I put my home mortgage in an Excel spreadsheet so I could run scenarios: if we pay $200 extra per month, how long is it till payoff? What if we do $300 extra per month? No extra per month? Each time I changed the pay-extra amount though, I’d have to scroll down to see what month the payoff would be.

### Finding the row

First I needed to somehow search the “Balance” column for the first cell whose value was zero. This was accomplished with the following function:

=MATCH(0,B:B,0)

Explanation of the parameters:

`0`

– the value we’re looking for`B:B`

– the column we’re searching`0`

– the match type (we need match type 0 because the other search types require that the values be in ascending order but our balance values are in*de*scending order (the same reason we can’t use LOOKUP or VLOOKUP))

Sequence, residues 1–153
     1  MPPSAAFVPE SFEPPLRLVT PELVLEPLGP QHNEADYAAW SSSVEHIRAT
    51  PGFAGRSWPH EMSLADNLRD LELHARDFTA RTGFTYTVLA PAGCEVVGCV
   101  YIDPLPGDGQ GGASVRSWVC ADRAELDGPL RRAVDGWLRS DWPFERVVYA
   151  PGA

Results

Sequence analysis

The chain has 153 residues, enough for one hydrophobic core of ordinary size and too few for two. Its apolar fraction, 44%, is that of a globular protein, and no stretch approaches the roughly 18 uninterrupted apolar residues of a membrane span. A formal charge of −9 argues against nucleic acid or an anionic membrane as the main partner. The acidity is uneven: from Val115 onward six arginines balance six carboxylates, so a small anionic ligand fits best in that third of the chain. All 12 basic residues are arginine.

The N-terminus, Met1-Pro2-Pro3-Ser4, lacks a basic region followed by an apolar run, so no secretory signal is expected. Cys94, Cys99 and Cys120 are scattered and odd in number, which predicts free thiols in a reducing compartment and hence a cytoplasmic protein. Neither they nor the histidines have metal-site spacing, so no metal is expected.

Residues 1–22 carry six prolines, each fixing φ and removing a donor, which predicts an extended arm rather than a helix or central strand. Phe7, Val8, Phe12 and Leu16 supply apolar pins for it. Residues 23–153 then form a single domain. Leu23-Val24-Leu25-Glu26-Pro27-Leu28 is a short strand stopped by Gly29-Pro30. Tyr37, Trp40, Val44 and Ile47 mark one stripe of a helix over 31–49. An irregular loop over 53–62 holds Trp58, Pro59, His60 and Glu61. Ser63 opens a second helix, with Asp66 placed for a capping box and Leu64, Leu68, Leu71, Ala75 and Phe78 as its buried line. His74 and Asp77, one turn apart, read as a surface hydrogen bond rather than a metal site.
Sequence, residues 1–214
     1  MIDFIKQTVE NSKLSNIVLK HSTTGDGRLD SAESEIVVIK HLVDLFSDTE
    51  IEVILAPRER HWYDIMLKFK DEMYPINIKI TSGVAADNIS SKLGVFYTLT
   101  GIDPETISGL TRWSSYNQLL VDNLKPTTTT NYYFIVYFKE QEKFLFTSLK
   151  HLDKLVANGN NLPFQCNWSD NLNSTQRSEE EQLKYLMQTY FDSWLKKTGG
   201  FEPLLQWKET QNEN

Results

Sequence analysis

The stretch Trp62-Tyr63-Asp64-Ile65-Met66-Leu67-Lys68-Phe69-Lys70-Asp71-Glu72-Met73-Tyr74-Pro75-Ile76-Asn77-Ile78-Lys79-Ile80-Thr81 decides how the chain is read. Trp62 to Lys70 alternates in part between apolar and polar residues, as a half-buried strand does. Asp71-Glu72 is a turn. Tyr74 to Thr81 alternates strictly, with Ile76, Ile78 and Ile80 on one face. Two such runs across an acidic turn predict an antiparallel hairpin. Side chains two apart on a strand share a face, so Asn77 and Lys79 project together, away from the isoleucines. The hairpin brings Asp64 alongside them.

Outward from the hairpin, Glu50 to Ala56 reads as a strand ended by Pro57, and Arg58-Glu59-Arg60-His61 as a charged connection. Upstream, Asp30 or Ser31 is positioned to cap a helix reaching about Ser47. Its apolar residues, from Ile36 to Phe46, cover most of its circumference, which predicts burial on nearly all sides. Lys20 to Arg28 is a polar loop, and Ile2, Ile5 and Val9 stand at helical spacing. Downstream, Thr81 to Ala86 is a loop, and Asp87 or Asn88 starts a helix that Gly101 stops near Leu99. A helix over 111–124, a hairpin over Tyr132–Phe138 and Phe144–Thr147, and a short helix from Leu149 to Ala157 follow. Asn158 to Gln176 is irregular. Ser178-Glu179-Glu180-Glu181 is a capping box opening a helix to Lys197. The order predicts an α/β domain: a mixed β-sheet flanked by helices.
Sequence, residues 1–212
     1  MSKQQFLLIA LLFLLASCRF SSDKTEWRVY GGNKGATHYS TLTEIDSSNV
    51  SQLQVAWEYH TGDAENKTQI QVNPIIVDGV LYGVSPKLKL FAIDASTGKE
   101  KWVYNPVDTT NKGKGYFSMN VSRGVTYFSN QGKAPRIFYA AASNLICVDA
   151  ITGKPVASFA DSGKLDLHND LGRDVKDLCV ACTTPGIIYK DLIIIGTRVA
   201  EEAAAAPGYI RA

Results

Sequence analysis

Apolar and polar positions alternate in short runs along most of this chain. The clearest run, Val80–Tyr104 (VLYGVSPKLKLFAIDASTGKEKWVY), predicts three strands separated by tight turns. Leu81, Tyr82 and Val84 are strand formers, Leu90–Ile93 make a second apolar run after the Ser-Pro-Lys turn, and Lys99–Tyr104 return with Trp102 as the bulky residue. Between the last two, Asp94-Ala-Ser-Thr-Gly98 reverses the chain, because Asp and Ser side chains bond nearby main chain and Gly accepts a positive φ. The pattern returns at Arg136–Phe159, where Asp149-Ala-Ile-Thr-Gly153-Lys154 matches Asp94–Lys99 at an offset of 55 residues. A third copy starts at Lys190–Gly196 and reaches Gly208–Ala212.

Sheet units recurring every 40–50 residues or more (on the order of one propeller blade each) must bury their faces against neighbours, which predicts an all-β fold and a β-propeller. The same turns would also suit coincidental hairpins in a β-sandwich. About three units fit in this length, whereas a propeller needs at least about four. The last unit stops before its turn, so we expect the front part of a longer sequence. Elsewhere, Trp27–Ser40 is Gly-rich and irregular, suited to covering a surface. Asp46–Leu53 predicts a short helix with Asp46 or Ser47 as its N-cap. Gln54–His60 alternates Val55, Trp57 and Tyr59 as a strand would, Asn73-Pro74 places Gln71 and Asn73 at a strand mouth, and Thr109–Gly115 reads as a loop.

This formula gives a value like 117 (the first row where there’s a zero balance). Now we need to turn that into a date…

### Displaying the payoff date

For this we’ll use the INDIRECT function, which takes a cell address as a string. In my spreadsheet, the balance amounts are in column B and the month/year dates are beside them in column A, so if the row were 117, the formula for showing the month would be =INDIRECT(“A117”) . Of course, if we knew it was in cell A117, we’d just use A117 instead of INDIRECT(“A117”), but we can’t hardcode the row – we need to get it from the match calculation. The address of the cell containing our payoff date, then, is:

"A"&MATCH(0,B:B,0)

### Final formula

Putting it all together, here is the formula we’ll put near the top of the spreadsheet so that we can quickly see the payoff date as we change the amount of extra paid:

=INDIRECT("A"&MATCH(0,B:B,0))

(Thanks to Aladin for his post to the MrExcel message board, which got me started toward this solution.)